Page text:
References Jeffers, T. L. 2005. Apprenticeships: The Bildungsroman from Goethe to Santayana. New York: Palgrave Macmillan.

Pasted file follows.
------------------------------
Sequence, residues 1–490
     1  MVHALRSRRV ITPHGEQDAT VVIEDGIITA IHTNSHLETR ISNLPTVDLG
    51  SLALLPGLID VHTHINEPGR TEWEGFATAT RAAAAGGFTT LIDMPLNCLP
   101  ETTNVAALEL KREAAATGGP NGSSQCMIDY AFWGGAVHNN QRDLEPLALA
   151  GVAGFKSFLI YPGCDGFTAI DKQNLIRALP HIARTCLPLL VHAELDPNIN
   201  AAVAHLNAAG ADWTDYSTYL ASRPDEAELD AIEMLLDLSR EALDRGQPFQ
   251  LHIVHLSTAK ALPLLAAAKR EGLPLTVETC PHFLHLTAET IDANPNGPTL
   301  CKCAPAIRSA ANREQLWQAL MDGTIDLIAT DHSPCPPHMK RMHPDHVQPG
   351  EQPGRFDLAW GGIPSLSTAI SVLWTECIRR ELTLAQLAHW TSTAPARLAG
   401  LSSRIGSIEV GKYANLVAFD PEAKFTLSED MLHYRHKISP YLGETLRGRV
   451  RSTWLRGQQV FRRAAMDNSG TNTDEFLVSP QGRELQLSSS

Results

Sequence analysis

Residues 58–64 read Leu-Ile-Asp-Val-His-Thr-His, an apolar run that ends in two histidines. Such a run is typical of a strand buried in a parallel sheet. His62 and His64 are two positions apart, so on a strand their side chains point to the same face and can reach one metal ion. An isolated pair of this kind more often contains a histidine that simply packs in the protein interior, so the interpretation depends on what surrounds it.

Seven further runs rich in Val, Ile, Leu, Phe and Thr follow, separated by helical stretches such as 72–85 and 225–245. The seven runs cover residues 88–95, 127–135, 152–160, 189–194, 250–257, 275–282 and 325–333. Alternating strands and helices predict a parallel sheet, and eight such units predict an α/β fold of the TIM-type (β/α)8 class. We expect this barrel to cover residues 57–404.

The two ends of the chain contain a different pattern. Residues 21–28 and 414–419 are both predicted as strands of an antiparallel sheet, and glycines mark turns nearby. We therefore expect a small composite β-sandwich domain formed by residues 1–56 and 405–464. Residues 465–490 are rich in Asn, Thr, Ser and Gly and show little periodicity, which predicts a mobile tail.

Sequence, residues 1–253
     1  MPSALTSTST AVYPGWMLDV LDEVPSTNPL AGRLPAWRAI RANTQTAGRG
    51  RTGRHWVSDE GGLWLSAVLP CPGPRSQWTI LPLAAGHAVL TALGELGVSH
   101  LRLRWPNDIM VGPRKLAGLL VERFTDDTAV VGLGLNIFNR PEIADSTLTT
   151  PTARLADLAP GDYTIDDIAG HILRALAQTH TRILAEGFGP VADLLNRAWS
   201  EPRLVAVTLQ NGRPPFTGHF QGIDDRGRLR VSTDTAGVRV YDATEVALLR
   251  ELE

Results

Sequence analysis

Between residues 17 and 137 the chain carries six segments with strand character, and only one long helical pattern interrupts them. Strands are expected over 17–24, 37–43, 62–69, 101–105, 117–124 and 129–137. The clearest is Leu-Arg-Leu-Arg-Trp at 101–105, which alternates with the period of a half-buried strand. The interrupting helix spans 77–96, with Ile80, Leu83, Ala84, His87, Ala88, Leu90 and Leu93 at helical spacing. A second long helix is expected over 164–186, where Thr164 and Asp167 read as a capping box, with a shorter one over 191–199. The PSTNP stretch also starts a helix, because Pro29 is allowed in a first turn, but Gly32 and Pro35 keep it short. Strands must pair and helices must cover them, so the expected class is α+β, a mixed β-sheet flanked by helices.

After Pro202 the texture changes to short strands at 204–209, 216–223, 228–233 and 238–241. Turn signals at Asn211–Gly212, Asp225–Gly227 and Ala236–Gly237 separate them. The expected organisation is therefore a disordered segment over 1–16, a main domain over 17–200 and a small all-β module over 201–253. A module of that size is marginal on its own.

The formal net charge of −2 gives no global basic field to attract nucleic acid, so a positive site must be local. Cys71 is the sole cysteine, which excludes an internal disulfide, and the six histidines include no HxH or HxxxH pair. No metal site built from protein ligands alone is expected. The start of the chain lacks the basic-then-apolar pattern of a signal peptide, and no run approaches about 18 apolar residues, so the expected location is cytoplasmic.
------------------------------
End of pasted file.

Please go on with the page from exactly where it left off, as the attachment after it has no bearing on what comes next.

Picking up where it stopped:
* Ira Hansen (University of Turku, Finland) New York and the traumatized mind: Conceptualizing spatial interaction in Paul Auster’s The New York Trilogy The contemporary American author Paul Auster’s psychologically orientated fiction drills deep into the subconscious workings of his often traumatized main characters. This subconscious manifests particularly in the characters’ spatial interaction: their internal turmoil is reflected in the depiction of the external space and in the way they interact with that space. In my paper, I take a transcendental phenomenological excursion into conceptualizing this interaction, and discuss how it conditions and alters not only the characters’ conscious perception but also the subconscious. From the perspective of embodied spatial experiences, I contribute to the debate on conceptualizing space within literary scholarship. New York features in most of Auster’s fiction and is also the focal point of one of his earliest and most famous works, The New York Trilogy (1987). In the vein of de Certeau, the trilogy presents the city as simultaneously tangible, familiar and stable as well as abstract, unknown and fluid. The city is, on the one hand, a functional object of the characters’ everyday lives and, on the other hand, a labyrinth of mixed emotions, the confines of which recreate and restructure the processes of the subconscious. As the traumas of the main characters deepen, so changes the city from concrete into a subconscious-like, non-linguistic space. The physical and the mental intertwine as the characters escape deeper into the maze of the city and the recesses of their minds. In this process, the spatial experience and the relationship between the internal and the external are constantly renegotiated and reaffirmed. Auster’s texts show how space is reconstructed not only through perception but also through the subconscious. In turn, the spaces perceived, experienced and lived continuously recreate the characters. * Anthony Johnson (Åbo Akademi University, Finland) Writing ‘Irishly': Dermot O'Byrne, Arnold Bax, Pádraig Pearse, and the Music of Identity Hailed as a ‘masterpiece’ by W.B. Yeats but banned by the British censors, Dermot O’Byrne’s lament for the Easter uprising – ‘A Dublin Ballad: 1916’ – is (like so much of the poetry of Yeats himself) a work of masks and ventriloquism. For although there is no doubt as to its sincerity – and its creator had certainly attracted the sympathetic attentions of his acquaintance Pádraig Pearse (who subsequently became something of a hero to him) – ‘Dermot O’Byrne’ was actually an acquired identity into which its owner crawled on his frequent visits to Ireland: self-confessedly sloughing off his Englishness on arrival in Dunleary or Rosslare like ‘a snake its skin in the spring’. In propria persona O’Byrne was, in fact, Arnold Bax, whose achievements as a composer were one day to gain him the knighted status of Master of the King’s Music in England. With respect to such an iconically ‘English’ composer, it therefore seems palpably ironic that so much of his musical (as well as poetic) identity was forged upon the anvil of the Celtic Twilight – reading Yeats, mingling in the circles of AE, and living for some years in Glencomcille (Co Donegal) where he imbibed a 14